Tamil Rationalism and Hindu Temples
On 22 June 2018, the priests of Sri Ranganathaswamy Temple 1 Ranganathaswamy is another name of Lord Vishnu, one among the trinity of popular gods of the Hindu religion. Sri is a prefix used to signify respect. – a highly revered temple in Srirangam, Tamil Nadu – honoured the then working president of the Dravida Munnetra Kazhagam (DMK) MK Stalin. He was in the city to attend a party meeting.
The DMK and its ideological predecessors are regarded as vehement proponents of rationalism, and are often criticised by Hindu groups for doing so. The honours were done at the temple’s entrance, which among other things involved smearing turmeric paste on Stalin's forehead. After the honours, he was seen to have wiped off the paste. The acceptance of honours and the subsequent removal of the turmeric paste attracted criticism that he showed dishonesty towards rationalism on one hand, and disrespect to the sentiments of Hindus on the other. In response, the then Union Minister in the Bharatiya Janata Party (BJP)-led government, Pon. Radhakrishnan, who was also a Member of Parliament fromTamil Nadu, remarked: “If Stalin is an atheist as he claims, why should he accept the honour? Who gave Stalin permission to commit an act of profanity and insult God?”
[W]e wish to recall an instance from the past in Malaysia where the Self-Respect Movement ... simultaneously participated in a temple entry movement and questioned caste hegemony and elaborate temple rituals...
This is one among many other criticisms put forward by BJP leaders challenging the nature of politics practiced by the DMK. In response, DMK leaders cited instances from the past where M. Karunanidhi, the party’s late president and former Chief Minister of Tamil Nadu (Stalin’s father), partook in similar ceremonies. One might also argue that such an act could be a result of political compulsions. On the other hand, unpacking the event could help explore the dimension of coexistence and foster it consciously. To do so, we wish to recall an instance from the past in Malaysia where the Self-Respect Movement (SRM), often referred to as the ideological predecessor of the DMK, simultaneously participated in a temple entry movement and at the same time questioned caste hegemony and elaborate temple rituals, to the extent of disavowing religion. We also look at these instances through the prism of agonism and argue the need for a space, which involves conflict too as against just consensus-building in societies marked by diversity.
Tale of the Thaipusam Procession in Malaysia
Following the British occupation, peninsular Malaysia saw an influx of south Indians in the 19th century, especially Tamils from across the Bay of Bengal. Thaipusam is an annual festival celebrated in the month of January / February. The chief deity involved is Murugan 2 Murugan is believed to be the younger son of Lord Shiva. He is also known by names like Subramania and Dhandayuthapani. who is regarded as a Tamil God (Venkataraman KR. 2007: 309). The festival, among other things, is marked by a procession of the deity through the streets around the temple.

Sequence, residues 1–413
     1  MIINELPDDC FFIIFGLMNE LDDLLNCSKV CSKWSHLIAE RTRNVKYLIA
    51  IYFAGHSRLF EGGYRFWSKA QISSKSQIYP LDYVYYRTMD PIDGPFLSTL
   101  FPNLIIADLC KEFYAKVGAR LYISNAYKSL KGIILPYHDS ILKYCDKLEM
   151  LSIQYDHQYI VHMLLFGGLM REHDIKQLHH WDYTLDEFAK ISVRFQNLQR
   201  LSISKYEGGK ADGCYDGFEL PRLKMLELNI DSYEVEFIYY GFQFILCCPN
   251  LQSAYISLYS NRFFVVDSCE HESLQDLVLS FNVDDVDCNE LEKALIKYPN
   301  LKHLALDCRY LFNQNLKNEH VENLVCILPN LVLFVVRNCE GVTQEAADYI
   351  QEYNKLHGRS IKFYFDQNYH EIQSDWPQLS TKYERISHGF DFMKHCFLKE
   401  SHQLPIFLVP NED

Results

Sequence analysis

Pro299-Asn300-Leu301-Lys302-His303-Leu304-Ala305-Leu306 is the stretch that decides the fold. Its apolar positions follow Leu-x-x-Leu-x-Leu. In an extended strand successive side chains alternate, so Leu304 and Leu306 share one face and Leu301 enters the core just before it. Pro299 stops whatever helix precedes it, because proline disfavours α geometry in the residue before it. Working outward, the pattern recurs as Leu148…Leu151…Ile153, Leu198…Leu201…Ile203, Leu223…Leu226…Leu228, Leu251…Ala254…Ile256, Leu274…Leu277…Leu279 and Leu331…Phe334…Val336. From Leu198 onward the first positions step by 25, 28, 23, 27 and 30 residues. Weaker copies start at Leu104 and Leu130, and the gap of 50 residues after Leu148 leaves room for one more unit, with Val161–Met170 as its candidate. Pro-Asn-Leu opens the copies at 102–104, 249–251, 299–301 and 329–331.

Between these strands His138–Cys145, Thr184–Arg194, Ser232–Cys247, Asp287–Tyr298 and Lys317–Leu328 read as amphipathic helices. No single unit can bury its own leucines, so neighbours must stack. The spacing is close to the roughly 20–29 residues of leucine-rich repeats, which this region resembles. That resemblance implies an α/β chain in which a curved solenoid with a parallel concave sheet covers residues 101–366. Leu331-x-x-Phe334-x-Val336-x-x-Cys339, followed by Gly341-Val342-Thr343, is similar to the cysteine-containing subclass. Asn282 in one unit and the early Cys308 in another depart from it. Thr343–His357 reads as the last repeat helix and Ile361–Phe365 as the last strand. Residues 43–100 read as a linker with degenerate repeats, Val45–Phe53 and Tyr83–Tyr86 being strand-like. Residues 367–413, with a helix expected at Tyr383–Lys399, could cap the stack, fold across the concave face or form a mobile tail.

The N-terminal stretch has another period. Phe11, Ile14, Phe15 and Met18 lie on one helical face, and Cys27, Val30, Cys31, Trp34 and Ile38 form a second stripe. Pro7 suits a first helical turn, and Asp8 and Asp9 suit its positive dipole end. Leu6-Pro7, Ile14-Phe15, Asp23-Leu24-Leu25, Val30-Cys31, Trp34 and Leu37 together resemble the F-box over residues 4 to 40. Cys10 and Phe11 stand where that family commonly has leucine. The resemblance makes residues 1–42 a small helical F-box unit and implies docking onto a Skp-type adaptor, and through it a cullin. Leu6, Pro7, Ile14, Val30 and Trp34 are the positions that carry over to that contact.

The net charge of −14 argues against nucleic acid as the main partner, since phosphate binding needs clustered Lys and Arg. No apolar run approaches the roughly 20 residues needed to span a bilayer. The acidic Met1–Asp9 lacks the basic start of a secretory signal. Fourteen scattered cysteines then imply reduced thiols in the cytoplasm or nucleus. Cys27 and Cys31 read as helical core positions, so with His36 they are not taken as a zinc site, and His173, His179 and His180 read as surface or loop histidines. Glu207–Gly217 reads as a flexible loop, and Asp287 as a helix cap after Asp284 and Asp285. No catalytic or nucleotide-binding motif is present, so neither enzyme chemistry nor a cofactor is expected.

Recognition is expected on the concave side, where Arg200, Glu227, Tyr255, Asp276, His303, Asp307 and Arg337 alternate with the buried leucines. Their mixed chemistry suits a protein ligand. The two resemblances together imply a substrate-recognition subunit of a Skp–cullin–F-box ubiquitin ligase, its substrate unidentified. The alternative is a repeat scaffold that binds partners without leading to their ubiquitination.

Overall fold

A controversy around the Thaipusam procession in Penang emerged when the dominant Nattukottai Chettiar community 3 It is a merchant banking community from South India. See Rudner (1994) Chettiars. Berkeley: University of California Press attempted to appropriate the tradition associated with the worship of Murugan during Thaipusam.
The temple at the centre of the Thaipusam procession was the Arulmigu Bala Dhandayuthapani 4 Arulmigu loosely translates to ‘grace-rich’ and Bala signifies the premarital age of the consecrated deity Dhandayuthapani loosely translates to spear-wielder. Temple – also known as the Penang Hill Murugan Temple. It was built in 1855 (Collins, E., & Ramanathan, K. 2014: 83-105) on 11acres of land granted by the British authorities. The Thaipusam procession would start from the foothill of Penang Hill at the Maha Mariamman 5 Mariamman is a manifestation of Durga and the Maha is a prefix used to signify might. Temple on Queen Street in George Town, which had been consecrated in 1833 (Jenkins, G. 2008: 39). The Maha Mariamman Temple was built by a consortium of different caste groups on land granted by British authorities in 1801.
The seeds for altering established practice in the worship of Murugan during Thaipusam were sown in 1875. The then money-lending community and erstwhile salt traders from Karaikudi — the Nattukottai Chettiars — built a hall at the foothill of Penang Hill exclusively for their community. Subsequently, it was expanded to become what was called the Waterfall Road Subramania Temple. It was followed by procuring a silver chariot from India to carry an image of Murugan on the eve of the annual Thaipusam procession, which was called “Chetti Pusam”. Thus, an exclusive caste ritual came into the picture along side the Thaipusam, a festival that was otherwise celebrated by multiple communities.
Owing to its extravagance and popularity, the Chetti Pusam procession led to the alteration of the usual routes of both processions. The processions then began at a shop-house owned by a person from the Chettiar community and ended in the Waterfall Road Subramania Temple that had been built by the Chettiar community. The dominance asserted by Nattukottai Chettiars as patrons of the Thaipusam procession derived from their affluence and their status in the Hindu community of Penang. This led to conflicts over the control of the Queen Street Maha Mariamman temple in order to restore the old procession route.